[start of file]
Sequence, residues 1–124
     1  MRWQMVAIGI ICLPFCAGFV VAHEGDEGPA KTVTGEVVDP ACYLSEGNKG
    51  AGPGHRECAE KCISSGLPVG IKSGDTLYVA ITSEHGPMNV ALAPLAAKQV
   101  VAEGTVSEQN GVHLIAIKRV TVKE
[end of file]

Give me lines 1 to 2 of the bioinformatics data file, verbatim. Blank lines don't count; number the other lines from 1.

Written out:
Sequence, residues 1–124
     1  MRWQMVAIGI ICLPFCAGFV VAHEGDEGPA KTVTGEVVDP ACYLSEGNKG